Q: George, a couple of weeks ago out in the Rose Garden press conference, the President said that, when Brit raised the question about her writings, he said that the Attorney General and the President would set civil rights policy for the country, implying that he didn't have to necessarily agree with every last speck of her writings. What happened to that notion that since policy would be set by General Reno and the President it wasn't necessarily that important that they --
MR. STEPHANOPOULOS: Well, I think it became clear that that wasn't the basis upon which the Senate debate would take place. And the Senate debate was going to be about Lani Guinier's writings and about -- and that's what it was going to focus on.
Q: It was clear that the Chairman of the Senate Judiciary Committee didn't feel as though he could, in good conscience, defend her writings, either. Did you all ever take a head count or try and find a Democratic rabbi for Ms. Guinier in the Judiciary Committee?
MR. STEPHANOPOULOS: Well, as you know Professor Guinier did meet with several members of the Senate Judiciary Committee and several other senators. Obviously, we're in contact with members of the Senate every day and the President did have discussions with members of the Senate Judiciary Committee and other senators. I don't think there was a formal head count in that sense at all, but there was serious consultation.
Q: George, here in this case as in the jobs stimulus package you kind of let your adversaries define the debate, you didn't define the debate. How do you go forward from here and go on the offensive in cases like this to let your issues be the battleground that the President spoke about last night?
MR. STEPHANOPOULOS: Well, I think that's what we're going to try to do every day and we're going to try and bring it back to the important issues that he got elected on, bring it back to reviving this nation's economy, bring it back to getting our health care plan through, bringing it back to the issues that elected the President, the issues the American people expect him to focus on.
I mean, in that regard, one of the things the President was pleased to note this morning was the lowering of the unemployment rate for the first time, I believe, in 18 months, the first time that it was below seven percent. Obviously, this is something we take great heart in and we're going to continue to focus on the economy.
Q: George, do you concede that you failed to define the debate in your terms that were favorable to you?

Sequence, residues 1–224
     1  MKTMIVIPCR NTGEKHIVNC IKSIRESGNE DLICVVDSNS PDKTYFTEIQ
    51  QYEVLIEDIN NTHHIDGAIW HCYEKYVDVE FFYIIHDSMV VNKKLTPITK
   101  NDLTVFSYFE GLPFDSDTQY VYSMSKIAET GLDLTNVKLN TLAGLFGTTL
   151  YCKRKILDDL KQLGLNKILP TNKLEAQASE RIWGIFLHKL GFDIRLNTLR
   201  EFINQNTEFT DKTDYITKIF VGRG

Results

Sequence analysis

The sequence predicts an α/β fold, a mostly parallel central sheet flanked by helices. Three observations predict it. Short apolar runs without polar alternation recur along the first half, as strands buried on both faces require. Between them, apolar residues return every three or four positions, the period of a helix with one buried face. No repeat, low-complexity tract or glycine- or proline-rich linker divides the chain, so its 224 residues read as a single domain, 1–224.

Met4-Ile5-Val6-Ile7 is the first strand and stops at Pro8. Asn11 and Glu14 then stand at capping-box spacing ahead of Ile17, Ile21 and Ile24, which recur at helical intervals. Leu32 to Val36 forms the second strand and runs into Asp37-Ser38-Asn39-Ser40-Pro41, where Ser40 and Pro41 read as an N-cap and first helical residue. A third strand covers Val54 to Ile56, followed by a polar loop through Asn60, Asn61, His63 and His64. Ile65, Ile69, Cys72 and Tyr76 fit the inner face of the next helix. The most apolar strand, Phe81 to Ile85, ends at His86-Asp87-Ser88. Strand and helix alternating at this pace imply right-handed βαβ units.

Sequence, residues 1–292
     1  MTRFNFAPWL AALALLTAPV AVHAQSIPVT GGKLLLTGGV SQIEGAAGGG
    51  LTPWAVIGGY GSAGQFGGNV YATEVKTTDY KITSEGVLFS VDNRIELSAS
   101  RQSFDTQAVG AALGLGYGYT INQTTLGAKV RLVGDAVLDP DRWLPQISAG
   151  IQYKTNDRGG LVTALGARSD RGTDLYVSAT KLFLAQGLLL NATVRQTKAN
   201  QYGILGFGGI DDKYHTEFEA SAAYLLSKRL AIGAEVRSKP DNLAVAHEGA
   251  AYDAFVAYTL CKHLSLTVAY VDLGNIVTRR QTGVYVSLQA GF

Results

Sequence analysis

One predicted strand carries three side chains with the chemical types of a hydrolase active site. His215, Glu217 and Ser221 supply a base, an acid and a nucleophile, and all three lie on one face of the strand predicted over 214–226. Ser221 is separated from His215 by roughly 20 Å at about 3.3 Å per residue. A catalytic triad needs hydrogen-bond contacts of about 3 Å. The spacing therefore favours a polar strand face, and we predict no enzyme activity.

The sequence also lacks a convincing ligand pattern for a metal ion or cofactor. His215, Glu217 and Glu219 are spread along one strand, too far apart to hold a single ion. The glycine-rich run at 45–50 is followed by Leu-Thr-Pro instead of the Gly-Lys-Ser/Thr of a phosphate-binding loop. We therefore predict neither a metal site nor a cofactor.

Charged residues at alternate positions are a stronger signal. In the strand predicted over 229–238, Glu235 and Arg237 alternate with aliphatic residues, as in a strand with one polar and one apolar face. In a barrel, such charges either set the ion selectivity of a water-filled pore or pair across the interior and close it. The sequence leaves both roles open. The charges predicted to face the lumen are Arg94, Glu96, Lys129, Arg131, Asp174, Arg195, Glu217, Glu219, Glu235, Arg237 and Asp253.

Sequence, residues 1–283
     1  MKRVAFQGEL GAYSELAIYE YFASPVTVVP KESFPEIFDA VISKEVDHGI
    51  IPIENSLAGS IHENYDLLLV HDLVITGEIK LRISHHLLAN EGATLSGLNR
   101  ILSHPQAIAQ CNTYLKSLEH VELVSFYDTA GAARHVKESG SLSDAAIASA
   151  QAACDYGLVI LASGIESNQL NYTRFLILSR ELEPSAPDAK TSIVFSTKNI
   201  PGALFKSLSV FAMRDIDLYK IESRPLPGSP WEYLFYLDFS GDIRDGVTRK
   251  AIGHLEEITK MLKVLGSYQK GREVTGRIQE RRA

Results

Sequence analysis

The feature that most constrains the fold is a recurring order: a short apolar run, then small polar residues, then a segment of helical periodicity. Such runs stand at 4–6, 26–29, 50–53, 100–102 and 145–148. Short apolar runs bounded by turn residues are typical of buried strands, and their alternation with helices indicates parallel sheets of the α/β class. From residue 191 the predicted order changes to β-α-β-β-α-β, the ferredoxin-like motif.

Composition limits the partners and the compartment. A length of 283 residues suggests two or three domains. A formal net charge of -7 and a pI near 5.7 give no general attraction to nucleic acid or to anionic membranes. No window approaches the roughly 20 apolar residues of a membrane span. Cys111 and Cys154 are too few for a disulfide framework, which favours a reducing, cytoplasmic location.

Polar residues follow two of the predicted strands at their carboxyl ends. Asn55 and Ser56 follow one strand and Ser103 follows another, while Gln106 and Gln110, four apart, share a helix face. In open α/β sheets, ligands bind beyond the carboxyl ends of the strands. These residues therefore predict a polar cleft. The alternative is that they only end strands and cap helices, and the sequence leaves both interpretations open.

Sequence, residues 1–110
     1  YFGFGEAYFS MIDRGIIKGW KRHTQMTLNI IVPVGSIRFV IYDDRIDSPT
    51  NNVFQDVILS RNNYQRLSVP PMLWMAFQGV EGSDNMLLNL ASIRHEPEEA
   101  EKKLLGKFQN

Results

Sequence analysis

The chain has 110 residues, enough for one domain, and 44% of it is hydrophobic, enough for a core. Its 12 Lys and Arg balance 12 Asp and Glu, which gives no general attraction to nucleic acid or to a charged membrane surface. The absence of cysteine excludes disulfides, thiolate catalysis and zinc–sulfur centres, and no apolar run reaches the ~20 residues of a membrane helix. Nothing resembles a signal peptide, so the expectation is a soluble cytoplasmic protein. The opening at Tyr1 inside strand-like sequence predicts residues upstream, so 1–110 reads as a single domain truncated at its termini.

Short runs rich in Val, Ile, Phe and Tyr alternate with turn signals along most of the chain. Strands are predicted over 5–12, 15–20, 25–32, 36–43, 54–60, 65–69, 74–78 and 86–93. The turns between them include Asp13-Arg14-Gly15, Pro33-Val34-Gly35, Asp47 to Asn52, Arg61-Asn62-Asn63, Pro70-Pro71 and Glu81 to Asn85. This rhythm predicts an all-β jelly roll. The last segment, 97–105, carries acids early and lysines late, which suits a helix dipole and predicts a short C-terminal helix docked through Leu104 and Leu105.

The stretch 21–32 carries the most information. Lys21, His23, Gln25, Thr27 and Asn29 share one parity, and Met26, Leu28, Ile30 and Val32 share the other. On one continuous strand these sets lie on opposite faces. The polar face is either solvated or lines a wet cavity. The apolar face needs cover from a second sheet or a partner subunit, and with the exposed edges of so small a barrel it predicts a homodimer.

MR. STEPHANOPOULOS: Well, again, I think that part of the problem was that in the end there was a disagreement over the nature of the writings and that was inescapable.
Q: You defined this whole dispute a little while ago as a question of her confirmability, in essence. The dispute over the writings was going to make her unconfirmable in the Senate. How then -- do you disagree with that characterization?
MR. STEPHANOPOULOS: Yes, I guess I do disagree with that characterization. In the end the President also could not -- I mean, the President had substantive disagreements in principle over those writings.
Q: As I understand it, but the way you said it just a few minutes ago when you were asked about consultations and head counting, you said there was a basic question of whether -- that you had obviously consulted with members of the Senate, as the President said he would do, and obviously you did not get good messages back from them about this, which helped to reinforce what the President's ultimate decision was. But assuming for a case that that's so, how could Vice President Gore say there was no politics in this decision?
MR. STEPHANOPOULOS: Well, I think that in the end the final decision was about the writings. There's no question about that. I mean, that's why the President chose to withdraw the nomination. He felt that he could not move forward defending writings which he did not believe in. As he said last night, and he said it very, very clearly, if this were an attack on her character, if this were an attack on her legal career, he would move forward even if there were only one senator supporting it. That is not what this was about. In the end he felt that he could not go forward because her writings were not writings that he could defend through this debate.
Q: George, can you explain why when she went to the Hill --
Q: Wasn't there even one senator on the Judiciary Committee who you knew you could count on?
MR. STEPHANOPOULOS: I don't have a head count in the Senate.
Q: George, can you explain why when she went to make her calls, she went by herself without anyone from the White House staff accompanying her, according to reports from the Hill?
MR. STEPHANOPOULOS: I don't know that that's true. I mean, I would defer to Ricki, but I think that she had a team as all conferees have a team.
Q: The reports we're getting from the Hill is that she did not have a team, she went by herself.
MR. STEPHANOPOULOS: I just don't think that's true. I can get more information for you later.
Q: Was anyone from the White House with her?
MR. STEPHANOPOULOS: First of all, I know that Ricki worked very closely on this whole --
MS. SEIDMAN: Howard Paster accompanied her on the meetings --
MR. STEPHANOPOULOS: She said Howard Paster also accompanied her on meetings.
Q: Can you take that question and check?
MR. STEPHANOPOULOS: Sure, absolutely.
Q: We were told he did not.